Wow, NPR finally catches up to The Daily Show (“the most trusted name in fake news”).

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EmmaPeel Wrote:

Very frustrating for this Randian conservative. (Does conservatism really have to be a big tent? :-)

No. By “Randian” I assume that you apparently lean Libertarian, as I do somewhat. The “conservative” IDers and creationists, however, are mostly Authoritarian. See:

www.self-gov.org

For obvious political reasons, conservative politicians and commentators want as many Libertarians and Authoritarians as possible under their big tent, so they overlook differences. When it comes to anti-evolution, they even have the reproductive cloning advocate Raelians under the tent!

Despite its popularity, the strategy of conservatives of being anti-evolution-friendly (if not all-out anti-evolution) may backfire in the long run, as conservatives gain a reputation as being anti-science and pro-ignorance. Even on those scientific issues where I think that conservatives are right (e.g some environmental ones), the majority of the public disagrees. So opposing even more science, even under the pretense of “fairness,” is a risky strategy. My sample is not necessarily representative, but among the devout Christians I know personally, I notice that a growing number are voting for liberal Democrats, because they perceive the conservative Republicans as out of the mainstream.

I hope ‘Randian’ is a reference to James Randi, and not to (shudder) the Ayn Randroids.

Interesting article Frank J, thanks. I have noticed some things about the way that Medved talks about America and Judeo Christian culture that make more sense in this light. I would not be able to keep up a big lie under such a circumstance frankly. I would rather see society deal with the truth and find another way to maintain social order even if it requires a little short term chaos. In Medved’s case though I think that it is more likely a combination of religious belief and scientific ignorance that allows him to maintain his opinion, but I could be wrong. He spends most of his time studying political issues for show topics and probably only has a very basic scientific knowledge and little time to expand it. That is no excuse if true IMHO since he does have an opinion and an obligation to make sure that it is backed by the facts if he is going to air it publicly. This is especially true since he does come off as someone who has a good, informed grasp of most issues even if you disagree with his opinion.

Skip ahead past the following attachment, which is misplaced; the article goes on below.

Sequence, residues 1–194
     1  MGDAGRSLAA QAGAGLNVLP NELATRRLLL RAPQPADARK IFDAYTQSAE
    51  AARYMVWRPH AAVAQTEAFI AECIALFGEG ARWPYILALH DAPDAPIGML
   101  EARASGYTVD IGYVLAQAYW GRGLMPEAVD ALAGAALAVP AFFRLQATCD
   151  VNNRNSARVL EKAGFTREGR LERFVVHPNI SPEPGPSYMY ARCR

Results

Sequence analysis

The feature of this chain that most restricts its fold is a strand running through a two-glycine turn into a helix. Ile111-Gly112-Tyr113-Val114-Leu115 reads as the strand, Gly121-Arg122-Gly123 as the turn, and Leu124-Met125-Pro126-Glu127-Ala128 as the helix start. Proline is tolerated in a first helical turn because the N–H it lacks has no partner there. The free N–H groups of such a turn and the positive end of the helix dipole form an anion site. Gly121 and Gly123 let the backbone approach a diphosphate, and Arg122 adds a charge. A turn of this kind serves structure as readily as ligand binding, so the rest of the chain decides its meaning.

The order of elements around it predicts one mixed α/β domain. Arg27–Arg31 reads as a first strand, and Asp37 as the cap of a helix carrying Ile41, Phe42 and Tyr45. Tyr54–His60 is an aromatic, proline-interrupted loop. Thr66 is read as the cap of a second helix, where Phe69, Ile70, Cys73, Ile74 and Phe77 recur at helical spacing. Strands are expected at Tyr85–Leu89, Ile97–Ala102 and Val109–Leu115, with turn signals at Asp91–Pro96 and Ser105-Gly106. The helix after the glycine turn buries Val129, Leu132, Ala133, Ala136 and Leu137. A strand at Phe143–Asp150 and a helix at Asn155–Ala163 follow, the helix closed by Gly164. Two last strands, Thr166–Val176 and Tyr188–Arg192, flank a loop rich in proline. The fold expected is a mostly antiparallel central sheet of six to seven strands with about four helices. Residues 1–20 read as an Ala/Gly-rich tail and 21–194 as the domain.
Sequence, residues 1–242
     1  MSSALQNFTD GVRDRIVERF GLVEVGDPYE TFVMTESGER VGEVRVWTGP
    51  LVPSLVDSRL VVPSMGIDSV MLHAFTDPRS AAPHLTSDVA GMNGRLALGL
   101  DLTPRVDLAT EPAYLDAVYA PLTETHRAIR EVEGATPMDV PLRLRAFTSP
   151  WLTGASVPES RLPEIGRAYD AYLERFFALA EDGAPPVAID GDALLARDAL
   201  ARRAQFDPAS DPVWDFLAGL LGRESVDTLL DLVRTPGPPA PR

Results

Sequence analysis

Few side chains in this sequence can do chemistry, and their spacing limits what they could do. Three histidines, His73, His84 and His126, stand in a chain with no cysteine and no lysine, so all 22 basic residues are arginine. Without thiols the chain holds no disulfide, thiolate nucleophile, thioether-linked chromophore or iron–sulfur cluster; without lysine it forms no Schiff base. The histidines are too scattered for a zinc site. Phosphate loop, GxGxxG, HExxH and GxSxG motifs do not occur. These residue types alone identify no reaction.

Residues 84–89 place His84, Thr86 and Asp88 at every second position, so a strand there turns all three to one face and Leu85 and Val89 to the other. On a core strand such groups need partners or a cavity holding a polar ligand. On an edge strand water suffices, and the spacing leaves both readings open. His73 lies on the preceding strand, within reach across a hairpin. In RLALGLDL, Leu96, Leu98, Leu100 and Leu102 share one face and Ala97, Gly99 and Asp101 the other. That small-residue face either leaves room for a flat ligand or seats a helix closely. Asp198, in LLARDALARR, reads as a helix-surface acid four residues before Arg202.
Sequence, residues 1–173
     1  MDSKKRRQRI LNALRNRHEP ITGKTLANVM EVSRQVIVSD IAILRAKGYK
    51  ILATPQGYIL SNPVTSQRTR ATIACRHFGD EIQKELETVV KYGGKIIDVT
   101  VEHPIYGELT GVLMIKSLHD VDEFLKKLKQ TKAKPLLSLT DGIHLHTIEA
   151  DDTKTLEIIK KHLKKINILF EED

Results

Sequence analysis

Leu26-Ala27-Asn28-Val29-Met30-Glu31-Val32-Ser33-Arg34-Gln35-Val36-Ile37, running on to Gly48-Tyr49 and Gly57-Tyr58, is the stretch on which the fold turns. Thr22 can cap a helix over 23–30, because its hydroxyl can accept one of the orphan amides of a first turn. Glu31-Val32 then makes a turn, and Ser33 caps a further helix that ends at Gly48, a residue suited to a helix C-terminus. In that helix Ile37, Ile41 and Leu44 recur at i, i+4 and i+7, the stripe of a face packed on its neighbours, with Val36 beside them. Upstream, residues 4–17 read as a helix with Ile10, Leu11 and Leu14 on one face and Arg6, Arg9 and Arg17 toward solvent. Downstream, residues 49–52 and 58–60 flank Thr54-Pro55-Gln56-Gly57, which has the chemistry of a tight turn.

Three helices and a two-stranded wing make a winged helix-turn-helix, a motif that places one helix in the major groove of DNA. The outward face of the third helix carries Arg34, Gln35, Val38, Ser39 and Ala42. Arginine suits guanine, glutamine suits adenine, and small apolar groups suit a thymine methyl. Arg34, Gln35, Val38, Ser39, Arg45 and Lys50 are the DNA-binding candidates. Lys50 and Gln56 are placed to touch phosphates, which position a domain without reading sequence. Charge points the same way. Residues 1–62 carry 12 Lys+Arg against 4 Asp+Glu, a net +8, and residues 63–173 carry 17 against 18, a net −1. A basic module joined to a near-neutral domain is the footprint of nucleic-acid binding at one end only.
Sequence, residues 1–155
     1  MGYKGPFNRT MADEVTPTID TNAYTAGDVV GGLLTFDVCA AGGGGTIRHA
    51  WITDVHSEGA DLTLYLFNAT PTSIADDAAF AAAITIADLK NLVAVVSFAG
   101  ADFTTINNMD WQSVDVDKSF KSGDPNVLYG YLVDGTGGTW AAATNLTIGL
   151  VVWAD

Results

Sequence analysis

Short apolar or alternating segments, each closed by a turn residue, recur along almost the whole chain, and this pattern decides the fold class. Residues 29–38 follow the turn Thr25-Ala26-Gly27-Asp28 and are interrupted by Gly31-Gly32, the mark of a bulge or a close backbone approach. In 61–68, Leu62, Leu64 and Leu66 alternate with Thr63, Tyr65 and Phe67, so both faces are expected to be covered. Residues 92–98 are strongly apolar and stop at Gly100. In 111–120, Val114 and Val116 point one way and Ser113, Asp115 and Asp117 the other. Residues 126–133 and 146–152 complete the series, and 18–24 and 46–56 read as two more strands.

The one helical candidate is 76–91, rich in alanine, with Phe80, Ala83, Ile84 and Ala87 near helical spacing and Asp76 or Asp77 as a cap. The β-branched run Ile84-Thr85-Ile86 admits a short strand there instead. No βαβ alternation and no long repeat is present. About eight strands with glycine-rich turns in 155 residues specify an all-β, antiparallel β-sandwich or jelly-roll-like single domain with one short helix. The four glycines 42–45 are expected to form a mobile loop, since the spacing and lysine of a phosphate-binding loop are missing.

These shows (theoretically) have their value in hearing the best arguments on a particular subject and then getting go online to learn more and see a more valuable debate in a better format. Especially since web logs have become more popular. I think that Matzke was successful in that context.

EmmaPeel I’m interested in what “Randian” you mean too. I consider myself an independent conservative (libertarian leaning) but base that more on which arguments make more sense to me rather than a philosophical basis. I’m trying to do more reading into political philosophy.

Interesting article Frank J, thanks. I have noticed some things about the way that Medved talks about America and Judeo Christian culture that make more sense in this light. I would not be able to keep up a big lie under such a circumstance frankly. I would rather see society deal with the truth and find another way to maintain social order even if it requires a little short term chaos. In Medved’s case though I think that it is more likely a combination of religious belief and scientific ignorance that allows him to maintain his opinion, but I could be wrong. He spends most of his time studying political issues for show topics and probably only has a very basic scientific knowledge and little time to expand it. That is no excuse if true IMHO since he does have an opinion and an obligation to make sure that it is backed by the facts if he is going to air it publicly. This is especially true since he does come off as someone who has a good, informed grasp of most issues even if you disagree with his opinion.

These shows (theoretically) have their value in hearing the best arguments on a particular subject and then getting go online to learn more and see a more valuable debate in a better format. Especially since web logs have become more popular. I think that Matzke was successful in that context.

EmmaPeel I’m interested in what “Randian” you mean too. I consider myself an independent conservative (libertarian leaning) but base that more on which arguments make more sense to me rather than a philosophical basis. I’m trying to do more reading into political philosophy.

About this Entry

This page contains a single entry by Nick Matzke published on December 22, 2004 2:02 AM.